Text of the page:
4. Make Someone’s Day

Studies have shown that smiling more actually makes you feel happier throughout the day. Friendliness breeds positive energy. Bring this energy into the workplace. Be social with your colleagues. Set aside petty rivalries. Remember, you’re all on the same team. Be nice. People don’t forget it. Not only will this attitude create a more enjoyable and comfortable working environment, but also, will potentially open doors for you down the road professionally.

5. Create a Minimal-Stress Schedule

Plan ahead. Construct a list of objectives for the day and make sure you achieve them. Go at your own pace. Don’t be a slacker, but be realistic. You know yourself and your work habits. Prioritize important projects and avoid lingering on small tasks and trivial details. If you get stuck, move on. When you fulfill all your goals for the day, go back and perfect them. Always stash your cellphone and other distractions in your desk drawer. Aim to be your most productive self!

6. Take Breaks

Working diligently throughout the day takes a major toll on your mind and body. Leave room in your schedule for a mental break. Rise from your chair regularly. Find excuses to walk around. Refill your water bottle, break up your printing and copying tasks to retrieve your work sporadically throughout the day, or simply take a quick lap. Find a quiet room to be alone for a few minutes. Clear your mind. Get outside and stretch your legs. Enjoy a short walk in the fresh air. Absorb the sunshine. Briefly close your eyes and breathe. Listen to a soothing tune or calm ocean sounds—whatever transports you to your happy place.

7. Ask for Help/Lend a Hand

We all run into obstacles at work. It’s okay to ask for help. Rather than a sign of weakness, asking thoughtful questions is actually a chance to better yourself (and yet another opportunity to be social with colleagues). Be open- minded. Accept constructive criticism. Try to see things another way, and schedule regular brainstorming exercises. Conversely, always be willing to offer guidance and helpful advice to others. This back and forth process of sharing and swapping ideas will fuel creativity and teamwork in the office.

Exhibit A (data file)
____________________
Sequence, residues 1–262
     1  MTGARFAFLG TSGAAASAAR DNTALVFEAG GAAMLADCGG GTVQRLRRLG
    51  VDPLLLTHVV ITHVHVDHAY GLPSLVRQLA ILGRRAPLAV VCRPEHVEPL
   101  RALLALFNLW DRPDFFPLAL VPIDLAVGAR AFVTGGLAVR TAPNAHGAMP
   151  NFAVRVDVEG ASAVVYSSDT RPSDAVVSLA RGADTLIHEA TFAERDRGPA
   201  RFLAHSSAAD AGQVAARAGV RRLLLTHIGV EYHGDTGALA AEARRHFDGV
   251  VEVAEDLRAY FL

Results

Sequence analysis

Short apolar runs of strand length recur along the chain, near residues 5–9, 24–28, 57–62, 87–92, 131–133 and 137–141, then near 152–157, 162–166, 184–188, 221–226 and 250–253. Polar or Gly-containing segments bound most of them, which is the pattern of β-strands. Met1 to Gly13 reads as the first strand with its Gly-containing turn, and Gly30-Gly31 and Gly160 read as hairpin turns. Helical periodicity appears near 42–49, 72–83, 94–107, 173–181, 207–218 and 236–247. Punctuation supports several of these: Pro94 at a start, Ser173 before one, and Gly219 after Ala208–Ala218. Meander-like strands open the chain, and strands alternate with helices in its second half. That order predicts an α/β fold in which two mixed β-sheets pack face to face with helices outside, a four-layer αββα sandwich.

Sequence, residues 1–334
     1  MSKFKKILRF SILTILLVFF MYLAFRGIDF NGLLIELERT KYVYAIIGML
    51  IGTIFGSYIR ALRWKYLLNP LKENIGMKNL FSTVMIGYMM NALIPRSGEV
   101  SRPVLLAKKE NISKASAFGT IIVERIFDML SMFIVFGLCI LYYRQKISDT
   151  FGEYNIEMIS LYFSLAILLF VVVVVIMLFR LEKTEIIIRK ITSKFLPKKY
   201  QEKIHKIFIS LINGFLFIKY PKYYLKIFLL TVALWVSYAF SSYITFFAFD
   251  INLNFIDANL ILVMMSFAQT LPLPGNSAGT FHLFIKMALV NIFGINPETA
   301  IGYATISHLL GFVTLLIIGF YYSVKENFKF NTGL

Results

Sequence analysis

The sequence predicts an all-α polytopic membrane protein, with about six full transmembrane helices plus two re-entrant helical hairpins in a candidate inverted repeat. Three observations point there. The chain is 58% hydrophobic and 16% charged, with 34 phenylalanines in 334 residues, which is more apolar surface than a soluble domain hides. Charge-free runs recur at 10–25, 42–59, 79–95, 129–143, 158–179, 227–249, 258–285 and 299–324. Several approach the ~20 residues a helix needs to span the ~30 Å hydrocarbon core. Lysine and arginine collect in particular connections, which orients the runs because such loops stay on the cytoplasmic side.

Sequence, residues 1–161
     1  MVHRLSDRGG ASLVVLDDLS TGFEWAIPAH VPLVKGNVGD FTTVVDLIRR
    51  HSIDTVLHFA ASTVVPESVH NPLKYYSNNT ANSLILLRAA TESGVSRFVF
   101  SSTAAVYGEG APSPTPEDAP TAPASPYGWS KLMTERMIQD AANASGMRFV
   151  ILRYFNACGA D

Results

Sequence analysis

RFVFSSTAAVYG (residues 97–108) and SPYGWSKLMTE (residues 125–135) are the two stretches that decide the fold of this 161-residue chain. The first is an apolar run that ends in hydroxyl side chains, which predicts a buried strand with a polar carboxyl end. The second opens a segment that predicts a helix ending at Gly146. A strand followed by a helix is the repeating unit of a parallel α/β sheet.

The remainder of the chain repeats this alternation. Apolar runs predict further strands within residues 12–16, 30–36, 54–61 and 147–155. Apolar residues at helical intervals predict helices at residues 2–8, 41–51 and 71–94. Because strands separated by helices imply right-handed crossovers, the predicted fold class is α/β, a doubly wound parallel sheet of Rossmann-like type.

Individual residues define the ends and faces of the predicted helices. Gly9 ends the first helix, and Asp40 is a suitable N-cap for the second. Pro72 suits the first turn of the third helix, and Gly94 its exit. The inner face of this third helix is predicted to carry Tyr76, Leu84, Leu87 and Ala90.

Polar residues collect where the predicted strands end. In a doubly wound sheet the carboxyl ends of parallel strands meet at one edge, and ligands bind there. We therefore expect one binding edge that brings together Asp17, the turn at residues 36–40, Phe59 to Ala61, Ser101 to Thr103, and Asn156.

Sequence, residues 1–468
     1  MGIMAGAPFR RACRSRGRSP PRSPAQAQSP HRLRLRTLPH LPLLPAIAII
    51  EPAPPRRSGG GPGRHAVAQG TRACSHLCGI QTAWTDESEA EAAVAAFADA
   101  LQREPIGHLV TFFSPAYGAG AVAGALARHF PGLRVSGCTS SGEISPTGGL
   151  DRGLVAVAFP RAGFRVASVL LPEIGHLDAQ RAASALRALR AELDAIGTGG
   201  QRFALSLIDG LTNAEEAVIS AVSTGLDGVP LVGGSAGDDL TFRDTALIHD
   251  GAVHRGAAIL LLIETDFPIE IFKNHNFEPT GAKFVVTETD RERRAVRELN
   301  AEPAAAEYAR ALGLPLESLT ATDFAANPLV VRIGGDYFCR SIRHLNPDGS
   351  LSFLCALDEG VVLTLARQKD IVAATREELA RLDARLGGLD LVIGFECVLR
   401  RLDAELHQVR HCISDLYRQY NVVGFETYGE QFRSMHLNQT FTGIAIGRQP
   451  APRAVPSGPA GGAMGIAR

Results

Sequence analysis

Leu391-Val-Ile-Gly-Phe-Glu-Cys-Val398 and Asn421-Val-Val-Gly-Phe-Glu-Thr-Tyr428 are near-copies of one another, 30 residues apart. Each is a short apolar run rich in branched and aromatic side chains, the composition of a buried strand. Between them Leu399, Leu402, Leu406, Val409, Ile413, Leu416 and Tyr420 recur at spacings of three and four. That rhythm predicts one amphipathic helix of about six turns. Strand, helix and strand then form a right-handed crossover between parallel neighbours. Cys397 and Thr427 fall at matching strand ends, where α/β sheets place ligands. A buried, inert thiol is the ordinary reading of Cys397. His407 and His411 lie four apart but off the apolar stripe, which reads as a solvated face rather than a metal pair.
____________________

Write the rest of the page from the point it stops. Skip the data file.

Spring Cleaning: 3 Quick Ways to Ditch Digital Clutter


In the office, a significant, yet commonly overlooked clutter exists within your cellphone and computer hard drive. This lingering chaos causes you underlying stress and a cluttered mind.

1. Sort Through Email Junk
Make it a priority to sort through your emails. Delete or archive any non-relevant emails. Also, take this time to part with the automatic notifications from last season. You don’t want to risk re-cluttering your inbox.

2. Create Desktop Folders
Your computer desktop is the first thing you see when you sit down at your desk in the morning. Ensure that it is welcoming. Disorganized icons are not only stressful to look at, but make it extremely difficult to find anything. Create and label desktop folders by task. This simple digital filing system will immensely increase productivity and efficiency.

3. Revamp Digital Appearance!
Staring at the same screen all day can become tiresome. Update your default screen savor to an uplifting photograph, like a beach scene or favorite vacation spot. Set your screen saver to a photo montage of fun memories (work-friendly shots, of course). Replace your old grey mouse pad with something a bit more colorful. Add a keyboard cover with a funky pattern or brightly colored design. You’d be amazed at the positive results on your psyche.

Just a note: For security reasons, change your password!  It is important to be cautious with your personal and work information. The same recycled password is vulnerable on the Internet.

4 Simple Steps To a Relaxed Cubicle Environment

So, you’re moving into a new workspace or looking to revamp your already worn-in cubicle. Why not take this time to include simple changes, like personalizing your cubicle, to create a relaxing office environment. Spicing up your surroundings can have a great emotional impact, fueling a positive working environment; while, lifting your spirit throughout the day. Get started with these simple steps.

Step 1: Organize and Prioritize
You want to make the most of your cubicle. Clutter is the enemy. Keeping this in mind, first make a list of essential supplies (pens, sticky notes, paper clips etc). Once you’ve sifted out dispensable items, organize! Sort materials into drawers or containers (color coordination always helps). Don’t leave miscellaneous items flailing about.

Step 2: Decorate and Customize
Have fun with it. This is your space to express yourself. Feel free to display important mementos, such as family pictures or sports team schedules. It’s always nice to exhibit pride in your university emblem or favorite sports team logo.

Step 3: Encourage Healthy Habits
What you store in your cubicle matters. Always have a water bottle, and refill regularly. It’s no secret that hydration is key to a productive day at the office. Leave the candy behind and supplement with energy infused items, such as fruit and nuts to snack on throughout the day. Don’t overdose on caffeine. Replace your afternoon coffee run with a cup of tea to reboot and energize.

Step 4: Be a Good Neighbor!
Don’t be the one that every employee complains about. A friendly environment contributes to a a relaxed, yet professional atmosphere, triggering the flow of collaborative ideas and innovation.

Office Relocation: 5 Major Pitfalls to Avoid

So you are thinking about relocating your office. Maybe your business is booming and you need more space (we hope). Maybe the boss is looking for a change of scenery (very common). Or maybe everyone is just tired of the drab carpet and taupe walls (even more common). Either way, relocating an organization can be a little tricky, in a sneaky sort of way – and it’s not until you are living and breathing the move that you realize the potential pitfalls.